Vessel comes down from the realm of the gods slow and hard, squashed between the folds of the universe as it packs itself back into three claustrophobic dimensions. It’s the rolling of the slave car that eventually shakes him awake into hide too small, a skull too tight, and a puddle of crusted vomit and blood he shares with the Nagual’s corpse. He tries to stand, gets most of the way up, but his skeleton hitches on a foreign object. He’s got a tecpatl wedged deep behind his clavicle.

“Snake,” Vessel says, “I need patching up.”

The feather of Quetzalcoatl says nothing in reply. Vessel isn’t so naïve to think it dead. Merely drained. He can feel it stirring in its slumber.

The silence in his head is novel. Heady. He hasn’t been alone with himself since he died. He glances back at the Nagual. The usual words leap onto his tongue—for the Sun—but this time he bites them back, for no other reason than the realization that he can. He forces himself to watch the hummingbird squirm from between mortified jaws and then flit about if unsure of where to go. Finally, it bumbles its way to an open window and flies off to where it will.

Vessel breathes out when the world does not come crashing down.

He cradles that flame of anger inside him as he staggers on towards the cab, stoking it with scraps of indignation. No sense in questioning it—it feels good to have warmth inside of him again. It feels good to feel goodness again. Here at the inescapable end of his mission it is a welcome comfort.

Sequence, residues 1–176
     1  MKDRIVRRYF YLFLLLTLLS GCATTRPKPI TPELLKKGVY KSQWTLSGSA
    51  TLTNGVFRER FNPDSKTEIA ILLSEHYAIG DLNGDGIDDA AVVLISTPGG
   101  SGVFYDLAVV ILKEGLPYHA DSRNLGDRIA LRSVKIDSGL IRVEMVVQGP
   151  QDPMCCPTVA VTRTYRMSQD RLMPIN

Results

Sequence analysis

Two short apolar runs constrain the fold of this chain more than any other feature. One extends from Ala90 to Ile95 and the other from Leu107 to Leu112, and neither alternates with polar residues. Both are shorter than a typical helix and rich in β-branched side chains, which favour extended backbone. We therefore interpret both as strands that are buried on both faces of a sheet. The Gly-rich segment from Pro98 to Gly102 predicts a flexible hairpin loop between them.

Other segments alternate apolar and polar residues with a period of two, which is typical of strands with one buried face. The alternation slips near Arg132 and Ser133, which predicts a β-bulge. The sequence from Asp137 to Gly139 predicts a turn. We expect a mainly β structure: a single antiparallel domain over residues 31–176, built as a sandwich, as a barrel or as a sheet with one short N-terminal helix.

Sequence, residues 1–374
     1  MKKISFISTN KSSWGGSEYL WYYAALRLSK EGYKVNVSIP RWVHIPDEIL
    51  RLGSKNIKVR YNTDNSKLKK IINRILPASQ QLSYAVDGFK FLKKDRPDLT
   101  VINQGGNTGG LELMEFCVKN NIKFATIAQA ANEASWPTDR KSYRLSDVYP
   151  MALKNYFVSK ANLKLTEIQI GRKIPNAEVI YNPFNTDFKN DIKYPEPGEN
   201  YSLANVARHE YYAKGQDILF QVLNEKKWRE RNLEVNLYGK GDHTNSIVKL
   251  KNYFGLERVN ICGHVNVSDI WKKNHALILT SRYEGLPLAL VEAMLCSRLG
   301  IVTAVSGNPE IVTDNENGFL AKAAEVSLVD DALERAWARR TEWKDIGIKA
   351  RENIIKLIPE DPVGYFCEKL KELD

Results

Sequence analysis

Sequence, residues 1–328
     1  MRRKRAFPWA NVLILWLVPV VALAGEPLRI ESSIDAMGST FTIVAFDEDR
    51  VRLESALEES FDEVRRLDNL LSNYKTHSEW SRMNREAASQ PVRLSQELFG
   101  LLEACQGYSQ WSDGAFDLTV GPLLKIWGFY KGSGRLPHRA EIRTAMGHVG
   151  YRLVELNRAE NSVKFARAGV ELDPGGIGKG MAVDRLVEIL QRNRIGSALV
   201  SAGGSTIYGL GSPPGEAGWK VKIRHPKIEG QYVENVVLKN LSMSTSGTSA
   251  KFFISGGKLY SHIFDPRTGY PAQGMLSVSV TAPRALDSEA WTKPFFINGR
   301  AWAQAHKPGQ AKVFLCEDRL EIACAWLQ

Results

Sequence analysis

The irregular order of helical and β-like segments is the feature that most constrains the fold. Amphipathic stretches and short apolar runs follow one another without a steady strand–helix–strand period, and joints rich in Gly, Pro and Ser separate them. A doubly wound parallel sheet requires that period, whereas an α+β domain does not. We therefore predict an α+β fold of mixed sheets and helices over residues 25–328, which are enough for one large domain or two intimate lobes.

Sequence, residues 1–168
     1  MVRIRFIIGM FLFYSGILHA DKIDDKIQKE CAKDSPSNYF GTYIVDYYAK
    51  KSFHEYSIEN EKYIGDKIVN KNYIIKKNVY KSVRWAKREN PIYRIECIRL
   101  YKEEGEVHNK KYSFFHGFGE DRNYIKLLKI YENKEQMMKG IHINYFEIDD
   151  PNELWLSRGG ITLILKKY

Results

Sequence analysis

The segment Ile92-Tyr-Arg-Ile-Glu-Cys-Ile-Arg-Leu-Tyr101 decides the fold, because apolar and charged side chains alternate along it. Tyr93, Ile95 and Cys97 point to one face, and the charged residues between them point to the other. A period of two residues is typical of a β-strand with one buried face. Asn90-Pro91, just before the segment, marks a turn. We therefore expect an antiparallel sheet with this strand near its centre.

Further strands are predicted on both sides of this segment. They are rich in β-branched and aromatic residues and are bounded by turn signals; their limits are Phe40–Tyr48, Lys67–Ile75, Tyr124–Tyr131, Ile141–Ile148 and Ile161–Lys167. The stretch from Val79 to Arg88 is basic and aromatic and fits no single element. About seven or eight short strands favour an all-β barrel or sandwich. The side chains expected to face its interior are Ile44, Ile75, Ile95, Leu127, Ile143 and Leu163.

The cultists have made a crude altar of the engine room door, festooning it with shards of obsidian, turkey feathers, rosettes of dried blood. Vessel rests his hand on the frame, feels it shiver not just with the mean power of locomotion but a stranger energy, as if suspended on the cusp of some eruptive moment, ready to launch. The handle turns easily when he tries it.

He hesitates anyway.

He’s stumbled onto a few seconds that are his alone. If he’s quick he can carve out his throat. Maybe leap off the train and let the immortal snake bake forever within his dried-out corpse.

But people are a convenience to an engine in motion. For better or worse, the train will power on without him towards a conclusion he won’t be able to help, being dead. That doesn’t quite sit right with him.

He sees the slave girl again. Pleading with dead eyes. Somehow, she feels more real in his memory than she did in flesh.

Oblivion beckons, but the lure of the crossroads ahead is more powerful still.

Vessel throws open the door. There is a blur of movement on the other side. What might be an edge winks in the dark. His hand acts, unsheathing the tecpatl from his clavicle and sending it aloft.

A meaty impact. A one-lunged gasp.

The Holy Man of the North collapses with a blade lodged in his chest.


There is no one else in the cab, which is just as well, as Vessel has run out of weapons. He kneels beside the Holy Man and claps him on the jaw. The other man’s eyes spin fearfully and then reorient on him.

“I’m dead,” he says, his voice as thin as a well-worn excuse.

“Getting there,” Vessel nods.

“I supposed it would end like this,” the Holy Man wheezes. “It still hurts.”